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Pyotr Leonidovich Kapitsa

Kapitsa (left) and Nikolay Semyonov, portrait by Boris Kustodiev 1921
Born 9 July 1894(1894-07-09)
Kronstadt, Russian Empire
Died 8 April 1984 (aged 89)
Citizenship Russia, USSR
Nationality Russian
Fields Physics
Known for superfluidity
Notable awards Nobel Prize in Physics (1978)

Pyotr Leonidovich Kapitsa (Russian Пётр Леони́дович Капи́ца) (July 9 [O.S. June 26] 1894 – 8 April 1984) was an innovative Soviet/Russian physicist and Nobel laureate, who made important discoveries in several different areas.

Kapitsa was born of Romanian parents in the city of Kronstadt and graduated from the Petrograd Polytechnical Institute in 1918. He worked for over ten years with Ernest Rutherford in the Cavendish Laboratory in Cambridge. He was made a Fellow of the Royal Society in 1929 and was the first director (1930-34) of the Mond Laboratory in Cambridge. In the 1920s he originated techniques for creating ultrastrong magnetic fields by injecting high current for brief periods into specially constructed air-core electromagnets. In 1928 he discovered the linear dependence of resistivity on magnetic field for various metals in very strong magnetic fields.

In the 1930s he turned to low temperature research, beginning with a critical analysis of the existing methods for obtaining low temperatures. In 1934 he developed new and original apparatus ( based on the adiabatic principle) for making significant quantities of liquid helium.

In 1934, on a professional visit to the Soviet Union, his passport was removed and he was not allowed to leave the country. Kapitsa was required to form the Institute for Physical Problems, which he did with equipment which the Soviet Government bought from the Mond Laboratory in Cambridge (with the assistance of Rutherford, once it was clear that Kapitsa would not be permitted to return).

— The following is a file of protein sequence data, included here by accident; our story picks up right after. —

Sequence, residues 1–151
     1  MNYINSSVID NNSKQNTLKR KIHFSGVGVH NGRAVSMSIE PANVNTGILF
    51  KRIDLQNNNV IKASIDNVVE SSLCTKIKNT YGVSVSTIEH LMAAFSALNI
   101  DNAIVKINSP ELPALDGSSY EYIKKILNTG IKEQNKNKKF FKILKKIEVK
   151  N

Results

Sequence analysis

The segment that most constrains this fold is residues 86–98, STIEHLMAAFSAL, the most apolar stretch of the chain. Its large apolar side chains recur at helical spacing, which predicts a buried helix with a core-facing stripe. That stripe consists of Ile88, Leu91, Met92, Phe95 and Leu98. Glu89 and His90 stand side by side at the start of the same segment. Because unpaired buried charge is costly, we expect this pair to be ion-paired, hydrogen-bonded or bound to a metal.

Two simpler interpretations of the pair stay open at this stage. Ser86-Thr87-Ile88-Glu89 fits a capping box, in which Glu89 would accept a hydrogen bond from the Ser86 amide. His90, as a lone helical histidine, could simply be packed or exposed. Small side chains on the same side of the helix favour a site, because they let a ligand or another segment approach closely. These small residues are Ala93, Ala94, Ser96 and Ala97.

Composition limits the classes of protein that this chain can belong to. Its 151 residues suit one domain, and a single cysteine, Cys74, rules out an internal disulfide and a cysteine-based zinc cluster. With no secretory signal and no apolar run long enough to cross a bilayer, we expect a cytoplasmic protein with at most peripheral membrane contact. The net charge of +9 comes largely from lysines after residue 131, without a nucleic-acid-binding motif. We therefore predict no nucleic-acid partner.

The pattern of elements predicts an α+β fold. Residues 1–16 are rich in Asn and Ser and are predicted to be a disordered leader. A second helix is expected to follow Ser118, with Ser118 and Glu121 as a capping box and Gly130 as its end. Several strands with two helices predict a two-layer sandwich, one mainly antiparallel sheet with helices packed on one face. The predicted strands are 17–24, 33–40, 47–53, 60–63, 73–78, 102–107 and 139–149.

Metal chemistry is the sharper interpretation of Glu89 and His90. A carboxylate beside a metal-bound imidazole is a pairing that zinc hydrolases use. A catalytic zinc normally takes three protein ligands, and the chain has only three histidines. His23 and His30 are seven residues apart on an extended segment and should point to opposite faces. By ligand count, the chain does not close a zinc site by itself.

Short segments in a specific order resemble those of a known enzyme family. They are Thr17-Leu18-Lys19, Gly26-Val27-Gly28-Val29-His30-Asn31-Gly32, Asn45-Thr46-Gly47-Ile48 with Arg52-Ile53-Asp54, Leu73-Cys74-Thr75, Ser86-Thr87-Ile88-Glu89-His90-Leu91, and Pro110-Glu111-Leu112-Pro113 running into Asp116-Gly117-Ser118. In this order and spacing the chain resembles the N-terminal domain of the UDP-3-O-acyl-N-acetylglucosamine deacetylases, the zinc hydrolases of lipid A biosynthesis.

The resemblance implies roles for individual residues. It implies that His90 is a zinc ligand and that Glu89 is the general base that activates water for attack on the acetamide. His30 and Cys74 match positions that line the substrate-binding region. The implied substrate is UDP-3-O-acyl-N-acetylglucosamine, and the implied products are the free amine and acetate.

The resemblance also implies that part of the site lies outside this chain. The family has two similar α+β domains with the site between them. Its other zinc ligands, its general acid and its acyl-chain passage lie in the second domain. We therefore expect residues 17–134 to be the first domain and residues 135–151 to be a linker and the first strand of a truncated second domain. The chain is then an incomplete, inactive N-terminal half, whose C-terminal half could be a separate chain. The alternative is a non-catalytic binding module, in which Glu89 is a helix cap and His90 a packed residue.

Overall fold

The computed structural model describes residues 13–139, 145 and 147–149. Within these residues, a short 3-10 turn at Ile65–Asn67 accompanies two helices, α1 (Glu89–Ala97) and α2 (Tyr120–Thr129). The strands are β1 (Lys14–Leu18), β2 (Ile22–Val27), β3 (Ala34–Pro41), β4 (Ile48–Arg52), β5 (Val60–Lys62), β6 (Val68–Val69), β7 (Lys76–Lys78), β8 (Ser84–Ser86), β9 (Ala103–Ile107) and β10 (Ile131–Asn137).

In Russia, Kapitsa began a series of experiments to study liquid helium, leading to the discovery in 1937 of its superfluidity (not to be confused with superconductivity). He reported the properties of this new state of matter in a series of papers, for which he was later awarded the Nobel Prize in Physics "for basic inventions and discoveries in the area of low-temperature physics". In 1939 he developed a new method for liquefaction of air with a low-pressure cycle using a special high-efficiency expansion turbine. Consequently, during World War II he was assigned to head the Department of Oxygen Industry attached to the USSR Council of Ministers, where he developed his low-pressure expansion techniques for industrial purposes. After the war, he turned to a quite new range of physical problems: he invented high power microwave generators (1950-1955) and discovered a new kind of continuous high pressure plasma discharge with electron temperatures over 1,000,000K.

Immediately after the war, a group of prominent Soviet scientists (including Kapitsa in particular) lobbied the government to create a new technical university, the Moscow Institute of Physics and Technology. Kapitsa taught there for many years and it is now a leading Russian university. From 1957, he was also a member of the presidium of the Soviet Academy of Sciences and at his death in 1984 was the only presidium member who was not also a member of the Communist Party.

Belatedly (1978), Kapitsa won the Nobel Prize in Physics for the work in low temperature physics that he did about 1937. He shared this prize with Arno Allan Penzias and Robert Woodrow Wilson (who won for work unrelated to Kapitsa's).

Kapitsa resistance is the thermal resistance (which causes a temperature discontinuity) at the interface between liquid helium and a solid.

Kapitsa was married in 1927 to Anna Alekseevna Krylova, daughter of applied mathematician A.N. Krylov. They had two sons, Sergei and Andrei.

A minor planet 3437 Kapitsa, discovered by Soviet astronomer Lyudmila Georgievna Karachkina in 1982, is named after him.[1]

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